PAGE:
Charlotte’s Affordable Housing Crisis Deepens

Mecklenburg County ranks 79th of 100 in availability of housing for poor

The demand for new apartment construction is raising prices and forcing the poor farther away from the city center.

Logan Cyrus

Charlotte is one of the hardest places in America to find an affordable place to live. A new Urban Institute report lays out just how hard: Of the 100 largest counties in the nation, Mecklenburg ranks 79th.

The institute, a venerable social and economic policy nonprofit based in Washington, issued a similar report last year. That marked the first time anyone had assembled county-by-county data on the lack of affordable housing for the poor throughout the country and coupled it with data on housing subsidies from HUD.

The overall picture that emerged then, and continues to, is pretty bleak: “Since 2000, rents have risen and the number of renters who need low-priced housing has increased,” the authors write in the preface to this year’s report. “Without the support of federal rental assistance, not one county in the United States has enough affordable housing for all its ELI renters.”

About that term, ELI: It stands for Extremely Low Income, and it refers specifically to people whose household income stands at or below 30 percent of their area’s median income. (The Charlotte area’s median income is $54,836, so that would mean households that pull in $16,451 or less per year.) It’s no secret that affordable housing is one of Charlotte’s most dire problems, and also one of the toughest to solve; the average rent in Charlotte has risen by 35 percent in the last five years, and the construction boom continues. Also, the city would have to win legislative approval to adopt inclusionary zoning that would force developers to include a certain number of affordable units in their complexes. Under the current General Assembly, there’s precisely zero chance of that.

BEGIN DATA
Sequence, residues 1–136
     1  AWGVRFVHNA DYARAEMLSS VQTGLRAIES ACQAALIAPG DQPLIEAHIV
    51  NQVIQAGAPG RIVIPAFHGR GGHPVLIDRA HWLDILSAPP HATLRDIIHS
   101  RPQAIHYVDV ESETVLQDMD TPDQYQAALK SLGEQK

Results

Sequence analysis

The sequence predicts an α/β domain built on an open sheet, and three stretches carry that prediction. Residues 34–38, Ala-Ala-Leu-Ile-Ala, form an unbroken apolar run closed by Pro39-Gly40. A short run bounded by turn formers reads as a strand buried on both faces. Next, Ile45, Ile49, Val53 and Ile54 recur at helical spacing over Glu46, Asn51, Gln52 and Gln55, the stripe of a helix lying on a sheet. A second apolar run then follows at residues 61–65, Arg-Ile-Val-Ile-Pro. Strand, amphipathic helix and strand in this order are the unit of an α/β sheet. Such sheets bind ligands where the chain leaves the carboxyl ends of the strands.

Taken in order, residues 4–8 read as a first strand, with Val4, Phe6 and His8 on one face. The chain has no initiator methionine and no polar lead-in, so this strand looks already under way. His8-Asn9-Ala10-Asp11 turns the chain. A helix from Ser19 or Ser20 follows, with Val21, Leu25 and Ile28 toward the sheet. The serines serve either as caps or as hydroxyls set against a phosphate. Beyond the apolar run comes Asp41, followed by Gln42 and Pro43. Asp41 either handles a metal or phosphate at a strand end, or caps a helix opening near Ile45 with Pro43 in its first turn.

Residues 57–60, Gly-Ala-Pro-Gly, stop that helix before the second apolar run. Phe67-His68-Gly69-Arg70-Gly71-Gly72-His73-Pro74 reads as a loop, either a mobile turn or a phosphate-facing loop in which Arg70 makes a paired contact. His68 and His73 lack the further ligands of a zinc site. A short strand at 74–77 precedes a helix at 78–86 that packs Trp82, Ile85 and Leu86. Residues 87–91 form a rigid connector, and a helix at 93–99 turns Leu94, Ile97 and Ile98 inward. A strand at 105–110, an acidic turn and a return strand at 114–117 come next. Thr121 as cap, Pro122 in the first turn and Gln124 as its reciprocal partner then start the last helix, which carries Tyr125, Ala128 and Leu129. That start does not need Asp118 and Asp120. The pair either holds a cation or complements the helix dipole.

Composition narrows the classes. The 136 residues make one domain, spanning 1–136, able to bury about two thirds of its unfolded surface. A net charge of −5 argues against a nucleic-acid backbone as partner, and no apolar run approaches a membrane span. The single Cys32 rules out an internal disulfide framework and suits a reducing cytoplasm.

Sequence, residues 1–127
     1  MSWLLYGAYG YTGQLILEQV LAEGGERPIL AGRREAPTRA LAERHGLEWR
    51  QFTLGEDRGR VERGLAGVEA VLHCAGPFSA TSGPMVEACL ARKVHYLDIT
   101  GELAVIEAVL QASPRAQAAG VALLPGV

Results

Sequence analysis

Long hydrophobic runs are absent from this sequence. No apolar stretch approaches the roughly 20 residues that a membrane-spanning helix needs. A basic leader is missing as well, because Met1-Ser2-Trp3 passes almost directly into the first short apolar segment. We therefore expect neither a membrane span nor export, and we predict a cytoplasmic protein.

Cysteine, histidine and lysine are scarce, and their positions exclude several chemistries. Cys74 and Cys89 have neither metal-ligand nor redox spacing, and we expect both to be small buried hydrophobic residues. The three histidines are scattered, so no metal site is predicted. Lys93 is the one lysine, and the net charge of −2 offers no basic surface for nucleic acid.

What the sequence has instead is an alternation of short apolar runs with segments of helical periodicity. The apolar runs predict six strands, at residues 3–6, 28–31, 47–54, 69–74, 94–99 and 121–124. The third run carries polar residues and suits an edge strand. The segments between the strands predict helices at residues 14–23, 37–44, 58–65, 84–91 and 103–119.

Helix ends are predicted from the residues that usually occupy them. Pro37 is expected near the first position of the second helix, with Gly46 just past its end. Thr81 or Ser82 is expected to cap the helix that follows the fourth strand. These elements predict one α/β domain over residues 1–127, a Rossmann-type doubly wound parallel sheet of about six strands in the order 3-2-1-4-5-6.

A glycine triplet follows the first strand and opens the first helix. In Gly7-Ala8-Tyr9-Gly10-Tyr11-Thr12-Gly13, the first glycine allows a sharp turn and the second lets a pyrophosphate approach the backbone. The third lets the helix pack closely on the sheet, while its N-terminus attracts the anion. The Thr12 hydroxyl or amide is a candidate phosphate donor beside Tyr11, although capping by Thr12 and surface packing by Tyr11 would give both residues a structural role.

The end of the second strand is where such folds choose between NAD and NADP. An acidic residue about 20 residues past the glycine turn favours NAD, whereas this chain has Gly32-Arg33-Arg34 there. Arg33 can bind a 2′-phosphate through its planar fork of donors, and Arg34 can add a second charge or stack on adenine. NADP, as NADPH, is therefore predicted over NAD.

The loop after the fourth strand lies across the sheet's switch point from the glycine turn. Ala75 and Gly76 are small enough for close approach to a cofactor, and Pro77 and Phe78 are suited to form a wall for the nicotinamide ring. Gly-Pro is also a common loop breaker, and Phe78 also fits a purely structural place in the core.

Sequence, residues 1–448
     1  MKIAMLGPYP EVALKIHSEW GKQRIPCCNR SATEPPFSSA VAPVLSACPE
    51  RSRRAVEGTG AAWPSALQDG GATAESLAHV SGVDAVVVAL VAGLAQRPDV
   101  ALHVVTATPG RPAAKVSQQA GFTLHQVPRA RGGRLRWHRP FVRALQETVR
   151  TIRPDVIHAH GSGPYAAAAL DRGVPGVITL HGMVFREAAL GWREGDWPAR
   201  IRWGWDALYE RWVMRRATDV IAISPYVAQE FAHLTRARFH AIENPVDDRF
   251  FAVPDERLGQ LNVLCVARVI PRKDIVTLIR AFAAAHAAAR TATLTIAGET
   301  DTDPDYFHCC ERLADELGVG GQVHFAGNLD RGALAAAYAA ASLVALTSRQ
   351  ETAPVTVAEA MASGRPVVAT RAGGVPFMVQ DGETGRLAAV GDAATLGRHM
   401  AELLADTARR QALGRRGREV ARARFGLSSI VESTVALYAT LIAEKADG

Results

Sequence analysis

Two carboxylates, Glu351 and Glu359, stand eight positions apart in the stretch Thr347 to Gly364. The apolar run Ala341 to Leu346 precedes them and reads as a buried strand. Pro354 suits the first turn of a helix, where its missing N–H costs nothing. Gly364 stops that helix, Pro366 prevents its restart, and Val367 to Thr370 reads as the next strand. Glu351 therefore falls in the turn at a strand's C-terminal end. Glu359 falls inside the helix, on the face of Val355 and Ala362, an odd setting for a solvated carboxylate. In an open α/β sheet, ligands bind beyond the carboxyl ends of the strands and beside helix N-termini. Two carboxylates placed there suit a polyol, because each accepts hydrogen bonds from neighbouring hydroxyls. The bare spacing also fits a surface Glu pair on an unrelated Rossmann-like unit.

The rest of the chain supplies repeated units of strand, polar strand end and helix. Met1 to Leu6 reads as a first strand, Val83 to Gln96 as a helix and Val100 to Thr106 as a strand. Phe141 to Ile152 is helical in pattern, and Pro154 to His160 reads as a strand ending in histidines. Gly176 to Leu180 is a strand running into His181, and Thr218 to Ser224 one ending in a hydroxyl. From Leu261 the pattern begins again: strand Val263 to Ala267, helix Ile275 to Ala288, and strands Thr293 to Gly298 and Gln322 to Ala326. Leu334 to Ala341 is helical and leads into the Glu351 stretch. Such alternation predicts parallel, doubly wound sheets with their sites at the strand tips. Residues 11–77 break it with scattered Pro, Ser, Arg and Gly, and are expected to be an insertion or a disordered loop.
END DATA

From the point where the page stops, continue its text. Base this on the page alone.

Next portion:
But something’s clearly going to have to give, and soon. Our next #discussCLT event in June will tackle the divide between rich and poor in Charlotte, between the gleaming towers of uptown and the low-rent precincts east and west of it. Housing costs determine which neighborhoods thrive and which don’t, a driver of the post-Keith Scott demonstrations in September; and the continuing gentrification of once-poor urban core neighborhoods such as Belmont and Cherry means the housing market is increasingly pushing the working poor farther away from job opportunities.

That’s why the city is placing so much emphasis on fast-tracking construction of affordable units and development of public transit to the west and east sides. But the Urban Institute report drops another sobering statistic: Mecklenburg County ranks 87th among the 100 largest counties in affordability trends from 2000 to 2014; the county had 13 fewer affordable units for ELI renters in 2014 than it did in 2000. More units and better transit may help, eventually. Will it be enough, and soon enough?

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